McIlroy raised the point that, between the four major championships, the World Golf Championships and a handful of other events like the Players Championship and even the Genesis, “There are between 10 and 15 events per year when we sort of do that anyway,” referring to the star-packed fields.

The PGL concept seems akin to the NFL presenting only games between top and most popular teams — Patriots, 49ers, Packers, Chiefs, Cowboys — every week or in baseball only Red Sox-Yankees, Giants-Dodgers, Cubs-Cardinals and the like. In that way, it doesn’t seem realistic.

There, too, is a don’t-mess-with-a-good-thing element here that tugs at some players, most of whom have made an unthinkably profitable living on the PGA Tour.

“I certainly wouldn’t want a massive disruption or an upheaval in the game, because I think golf’s in a pretty good spot right now,” McIlroy said. “But things have to move with the times. I mean, Jack [Nicklaus] and Arnie [Palmer] broke away from the PGA of America back in the ’60s to form the PGA Tour. If 50 or 60 years have passed and this is sort of the new thing that’s happening, I guess the top players have to at least be kept aware of it and we’ll see what happens. “We’ve had open communication with Jay [Monahan, PGA Tour commissioner] and all the rest of the PGA Tour team, and we’re talking all the time.”

McIlroy added the PGL “might be a catalyst and push the PGA Tour to improve their product, reward the top players the way they should be, and I think that would be a good thing.”

PGA Tour commissioner Jay Monahan recently sent an email to players expressing the PGA Tour’s view of the PGL, with the essential message that the Tour would take steps in an attempt to prevent the competing tour from launching — including adding to its regulations, which presumably would include appearance fees (supposedly banned by the PGA Tour).

“If the Team Golf Concept or another iteration of this structure becomes a reality in 2022, or at any time before or after, our members will have to decide whether they want to continue to be a member of the PGA Tour or play on a new series,” the letter read in part.

“I think the concept is very, very good,” Adam Scott said Friday. “It’s been thrown around since the mid ’90s, so as an international player I certainly see some good in that. It makes sense. I think [the PGA Tour] would be concerned because [the PGL] are not messing around.They’re taking it very seriously, and I think they should be concerned.”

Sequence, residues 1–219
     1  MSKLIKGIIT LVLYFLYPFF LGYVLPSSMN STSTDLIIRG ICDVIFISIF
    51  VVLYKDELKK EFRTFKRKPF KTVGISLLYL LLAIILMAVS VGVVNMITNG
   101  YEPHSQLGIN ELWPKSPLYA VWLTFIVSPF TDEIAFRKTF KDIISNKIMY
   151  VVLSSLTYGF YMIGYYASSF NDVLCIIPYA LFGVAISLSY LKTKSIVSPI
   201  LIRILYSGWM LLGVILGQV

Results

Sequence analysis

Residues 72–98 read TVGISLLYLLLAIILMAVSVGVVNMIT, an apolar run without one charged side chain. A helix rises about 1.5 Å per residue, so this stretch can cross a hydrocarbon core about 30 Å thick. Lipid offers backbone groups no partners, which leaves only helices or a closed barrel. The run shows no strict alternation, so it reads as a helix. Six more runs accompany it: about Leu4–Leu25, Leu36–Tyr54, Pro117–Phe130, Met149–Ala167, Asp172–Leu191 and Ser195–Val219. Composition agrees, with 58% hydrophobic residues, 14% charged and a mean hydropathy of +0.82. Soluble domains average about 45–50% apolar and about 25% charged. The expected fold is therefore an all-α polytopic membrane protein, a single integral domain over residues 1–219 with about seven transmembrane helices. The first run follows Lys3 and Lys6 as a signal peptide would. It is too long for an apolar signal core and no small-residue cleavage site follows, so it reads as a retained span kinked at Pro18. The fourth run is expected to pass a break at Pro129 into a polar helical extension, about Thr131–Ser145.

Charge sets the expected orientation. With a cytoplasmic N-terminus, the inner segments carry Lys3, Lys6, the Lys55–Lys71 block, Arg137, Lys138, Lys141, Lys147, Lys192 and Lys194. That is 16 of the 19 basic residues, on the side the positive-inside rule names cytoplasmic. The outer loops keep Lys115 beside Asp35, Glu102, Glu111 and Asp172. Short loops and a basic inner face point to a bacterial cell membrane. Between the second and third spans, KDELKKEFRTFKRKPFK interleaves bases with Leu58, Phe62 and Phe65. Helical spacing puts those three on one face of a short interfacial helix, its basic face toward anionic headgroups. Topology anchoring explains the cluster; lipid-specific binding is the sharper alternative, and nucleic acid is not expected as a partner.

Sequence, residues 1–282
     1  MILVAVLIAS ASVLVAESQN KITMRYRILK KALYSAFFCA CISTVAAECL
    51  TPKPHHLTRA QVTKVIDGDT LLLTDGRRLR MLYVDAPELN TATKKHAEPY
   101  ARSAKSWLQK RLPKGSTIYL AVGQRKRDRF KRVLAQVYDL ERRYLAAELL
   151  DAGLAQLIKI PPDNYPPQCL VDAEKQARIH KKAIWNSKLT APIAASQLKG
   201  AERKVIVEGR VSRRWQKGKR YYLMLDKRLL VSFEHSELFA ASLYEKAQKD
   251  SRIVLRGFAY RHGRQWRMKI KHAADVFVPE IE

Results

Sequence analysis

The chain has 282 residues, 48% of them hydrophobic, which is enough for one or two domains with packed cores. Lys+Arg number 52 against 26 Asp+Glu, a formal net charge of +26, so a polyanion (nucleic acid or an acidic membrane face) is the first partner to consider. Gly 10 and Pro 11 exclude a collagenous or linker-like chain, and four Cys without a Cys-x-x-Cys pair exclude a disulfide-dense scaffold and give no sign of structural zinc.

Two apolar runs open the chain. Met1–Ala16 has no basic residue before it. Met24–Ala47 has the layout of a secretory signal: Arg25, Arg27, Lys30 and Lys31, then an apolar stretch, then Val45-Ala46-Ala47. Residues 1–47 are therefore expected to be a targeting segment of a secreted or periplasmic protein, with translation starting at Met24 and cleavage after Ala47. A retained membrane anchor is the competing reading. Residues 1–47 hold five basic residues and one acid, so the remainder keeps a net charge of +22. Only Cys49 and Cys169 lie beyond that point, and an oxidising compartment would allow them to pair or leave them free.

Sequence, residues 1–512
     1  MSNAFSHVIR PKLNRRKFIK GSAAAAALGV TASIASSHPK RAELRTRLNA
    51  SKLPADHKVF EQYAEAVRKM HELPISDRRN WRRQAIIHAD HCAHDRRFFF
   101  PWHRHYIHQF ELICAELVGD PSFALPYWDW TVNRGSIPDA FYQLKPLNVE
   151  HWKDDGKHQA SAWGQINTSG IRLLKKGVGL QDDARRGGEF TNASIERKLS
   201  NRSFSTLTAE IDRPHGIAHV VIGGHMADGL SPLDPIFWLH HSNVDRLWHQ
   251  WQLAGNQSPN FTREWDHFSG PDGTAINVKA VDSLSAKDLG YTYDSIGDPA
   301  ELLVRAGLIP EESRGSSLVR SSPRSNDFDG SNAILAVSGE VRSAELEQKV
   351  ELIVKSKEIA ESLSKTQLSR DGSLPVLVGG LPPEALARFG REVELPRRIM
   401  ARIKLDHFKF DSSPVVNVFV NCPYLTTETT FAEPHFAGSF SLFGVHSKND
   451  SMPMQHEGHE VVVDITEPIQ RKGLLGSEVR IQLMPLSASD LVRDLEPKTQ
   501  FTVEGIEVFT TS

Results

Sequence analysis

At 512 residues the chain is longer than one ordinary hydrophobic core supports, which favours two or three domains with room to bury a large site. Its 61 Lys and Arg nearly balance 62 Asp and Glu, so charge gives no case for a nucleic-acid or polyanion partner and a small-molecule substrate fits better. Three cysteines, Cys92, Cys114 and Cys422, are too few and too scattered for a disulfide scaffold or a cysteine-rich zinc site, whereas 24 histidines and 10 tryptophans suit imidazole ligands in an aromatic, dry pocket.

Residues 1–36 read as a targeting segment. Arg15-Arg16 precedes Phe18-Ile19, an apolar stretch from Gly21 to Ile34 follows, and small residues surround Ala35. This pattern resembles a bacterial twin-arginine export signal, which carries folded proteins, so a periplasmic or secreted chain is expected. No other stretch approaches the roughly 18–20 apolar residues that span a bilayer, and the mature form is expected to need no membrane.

A number of other older, established authorities in the game are not keen on the PGL working.

“I just don’t think it’s viable,” Nicklaus said this week, according to the Naples (Fla.) Daily News. “I just don’t think financially they can make it. I don’t think they’ll ever get the golf courses. I don’t think the [PGA] Tour would ever let it happen. I don’t think the guys would leave [the PGA Tour]. There’s just so many things that have to happen, I just don’t think it’s possible.”

This is not the first potential threat to the PGA Tour. Aussie Greg Norman tried to launch a world tour that had similar goals to the PGL in the early ’90s, but it never got off the ground.

According to Golf.com, the Raine Group, a New York-based investment firm and PGL backer, has consulted Norman about the project.

“They asked me a few questions [like], ‘What are the potential hurdles and stopping blocks?’ ” said Norman, who isn’t affiliated with the PGL. “[It] was just trying to understand a little bit more from someone with experience.”

Norman said he sees similarities between the PGL and his plan — smaller fields, fewer events, bigger purses — and added, “Honestly, I do love the concept,” particularly citing the chance for players to earn ownership equity in PGL teams.

“The whole concept of owning a team, I think that’s brilliant,” he said. “So, as you fade away as a top player[Mickelson, as a perfect example], you still own a team, like Formula 1.The whole idea of owning a team is something I wish I’d thought about in my concept. There are smart people behind this. The Raine Group, they’re Wall Street geniuses. They’re not doing this to give away money, they’re doing this to get a return on their investment.”